What a muggy day! It's 76 degrees outside. And how inappropriate of me talking of fahrenheit when I am about to sit down and write about Canada. I'm such a dork.
I had a great time being in Thunder Bay. It seems to be a city which will very soon be on the brink of opportunity. It brought back a lot of memories for me of when I started out creating theater on the Lower East Side of NYC and Williamsburg, Brooklyn. There was lots of space - both free and cheap (and unclaimed) and not too much Disney to get in the way. What I'm trying to say is, IT'S A GREAT TIME TO CREATE SOME THEATER COMPANIES IN THUNDER BAY!
First off, you want to find a great group of people. Everyone should be passionate about the work you are about to do.
Free or low cost rehearsal space - parks; parking lots; NOT the steps of the Farley Post office in Manhattan - they will insist on asking if you've checked with marketing, and no you have not; unused classrooms; bars in the afternoon when no one is there and be nice and order a few cokes or something; loft apartment of a castmate whose father bought it for tax purposes which she painted aqua with mermaids and bubbles on the walls; a friends' art gallery during the evening hours when it is closed (and be careful not to damage the art or you will probably have to buy it). My favorite free space though was The Roxy nightclub (Do nightclubs even exist anymore or is it that I've just gotten older?) They used to distribute postcards for free admission and open bar from 9-11. No one would be there. We would have this huge dance floor all to ourselves and free drinks. Of course with all the music and few stranglers it wasn't ideal. But we got the basic outlines of a few pieces done there. Ha!
Performance spaces - Back then, you could get away with performing in apartments, abandoned warehouses, storefronts etc. I'm a little fuzzy on exactly how it worked but there was a phone number passed around that you could call that would leave info of performances at these unclaimed spaces on the outgoing message. But nowadays, everyone is so aware of real estate and its worth that that would be too difficult to pull off without any fines or consequences. So try - being creative with site specific theater; or bars on nights there are no scheduled performances; theater spaces after hours - my first self produced show was a midnight show in a tiny 30 seat theater; churches, community centers, bookstores, libraries - any kind of place like that you may be able to negotiate something. And theaters are good as well!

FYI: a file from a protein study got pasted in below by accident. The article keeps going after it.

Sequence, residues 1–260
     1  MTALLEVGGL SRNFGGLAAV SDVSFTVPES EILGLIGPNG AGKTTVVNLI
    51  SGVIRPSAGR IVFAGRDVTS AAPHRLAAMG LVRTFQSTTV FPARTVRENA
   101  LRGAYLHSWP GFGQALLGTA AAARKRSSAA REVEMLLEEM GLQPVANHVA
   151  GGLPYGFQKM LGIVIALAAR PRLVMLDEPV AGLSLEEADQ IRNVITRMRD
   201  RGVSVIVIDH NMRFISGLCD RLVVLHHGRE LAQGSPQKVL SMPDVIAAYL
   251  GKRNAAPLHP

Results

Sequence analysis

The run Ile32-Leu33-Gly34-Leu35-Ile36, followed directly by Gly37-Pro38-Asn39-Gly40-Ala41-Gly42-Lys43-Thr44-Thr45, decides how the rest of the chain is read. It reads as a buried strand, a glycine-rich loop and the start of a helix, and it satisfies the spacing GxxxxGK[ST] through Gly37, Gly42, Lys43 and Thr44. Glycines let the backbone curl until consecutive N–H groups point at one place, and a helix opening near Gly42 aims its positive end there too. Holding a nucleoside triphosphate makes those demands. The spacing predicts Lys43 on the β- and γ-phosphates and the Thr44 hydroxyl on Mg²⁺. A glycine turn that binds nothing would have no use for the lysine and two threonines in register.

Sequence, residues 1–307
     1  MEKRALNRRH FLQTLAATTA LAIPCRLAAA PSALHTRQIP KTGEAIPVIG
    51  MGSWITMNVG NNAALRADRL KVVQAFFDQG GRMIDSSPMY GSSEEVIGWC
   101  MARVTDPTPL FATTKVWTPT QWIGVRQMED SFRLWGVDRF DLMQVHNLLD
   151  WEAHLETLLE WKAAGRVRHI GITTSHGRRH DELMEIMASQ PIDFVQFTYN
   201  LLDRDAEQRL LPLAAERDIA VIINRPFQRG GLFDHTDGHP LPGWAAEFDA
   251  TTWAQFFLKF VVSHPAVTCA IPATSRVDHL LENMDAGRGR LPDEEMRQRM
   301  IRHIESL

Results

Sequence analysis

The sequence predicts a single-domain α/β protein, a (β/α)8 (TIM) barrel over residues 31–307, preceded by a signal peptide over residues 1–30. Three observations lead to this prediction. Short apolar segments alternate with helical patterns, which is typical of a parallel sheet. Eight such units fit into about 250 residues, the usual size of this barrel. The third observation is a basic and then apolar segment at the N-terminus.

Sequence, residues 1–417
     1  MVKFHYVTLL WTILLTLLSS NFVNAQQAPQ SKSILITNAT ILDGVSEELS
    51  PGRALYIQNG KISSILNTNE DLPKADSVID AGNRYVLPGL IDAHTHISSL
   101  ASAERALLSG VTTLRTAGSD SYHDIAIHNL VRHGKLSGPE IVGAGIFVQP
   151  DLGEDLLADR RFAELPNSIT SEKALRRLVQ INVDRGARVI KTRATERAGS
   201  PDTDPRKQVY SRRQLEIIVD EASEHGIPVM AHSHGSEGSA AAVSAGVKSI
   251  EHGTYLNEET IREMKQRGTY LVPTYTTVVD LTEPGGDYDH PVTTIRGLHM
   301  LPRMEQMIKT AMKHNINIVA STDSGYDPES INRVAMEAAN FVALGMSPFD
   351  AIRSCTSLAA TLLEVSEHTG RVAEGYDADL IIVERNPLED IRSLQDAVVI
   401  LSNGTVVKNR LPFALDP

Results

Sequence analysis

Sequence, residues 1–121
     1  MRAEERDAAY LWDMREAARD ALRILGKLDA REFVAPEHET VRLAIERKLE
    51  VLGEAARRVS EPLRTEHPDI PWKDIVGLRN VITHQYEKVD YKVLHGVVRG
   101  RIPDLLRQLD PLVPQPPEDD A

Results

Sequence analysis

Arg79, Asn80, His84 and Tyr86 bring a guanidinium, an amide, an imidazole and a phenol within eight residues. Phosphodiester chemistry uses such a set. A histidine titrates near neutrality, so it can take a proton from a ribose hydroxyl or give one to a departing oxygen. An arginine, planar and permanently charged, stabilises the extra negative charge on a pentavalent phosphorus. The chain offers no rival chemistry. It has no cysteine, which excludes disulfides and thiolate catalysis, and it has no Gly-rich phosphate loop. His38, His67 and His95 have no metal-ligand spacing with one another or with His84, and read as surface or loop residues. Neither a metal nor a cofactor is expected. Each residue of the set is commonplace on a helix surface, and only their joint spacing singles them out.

Subject matter - pick a topic and start talking, interviewing, reading, researching. One of the first pieces I was involved in got the text from the creator taping her friend ranting about eating disorders, feeling fat, overeating, and body image. She then transcribed the text and did a little editing. It was about fifteen minutes long. She then put me in a refrigerator, had me recite it at top speed (finishing most nights in under 7 minutes) while fishing for Barbie dolls as she danced around the stage (she was an amazing modern dancer) while cooking (microwave popcorn) and eating tons of food, which ended up in a bag under her shirt that she 'threw up' at the end of the piece. It's a heavy subject matter, but it came off as very tongue in cheek and humorous. The other fun thing about that piece was there was no storage space at the theater, it was too small, so we had to find and discard a refrigerator from the streets of Manhattan every evening!
Fundraising - From the beginning you should look into grants or funds from local, regional 'council of the arts' groups. In NYC there are rules (like you must be in existence for three years) but they were always wiling to tell us what the rules were, and to make suggestions as to where to get money NOW. Hee Hee. Seriously though, you want people who can help to know you exist from the very beginning.
Some books by people I think are cool - The Viewpoints Book - Anne Bogart, Tina Landau; Writer's Block Busters - Velina Hasu Houston; The Invisible Actor - Yoshi Oida; A Practical Guide to Working in Theater - Gill Foreman.
Break a leg!!!!!!
xo Dame Edith Evans
March 31, 2011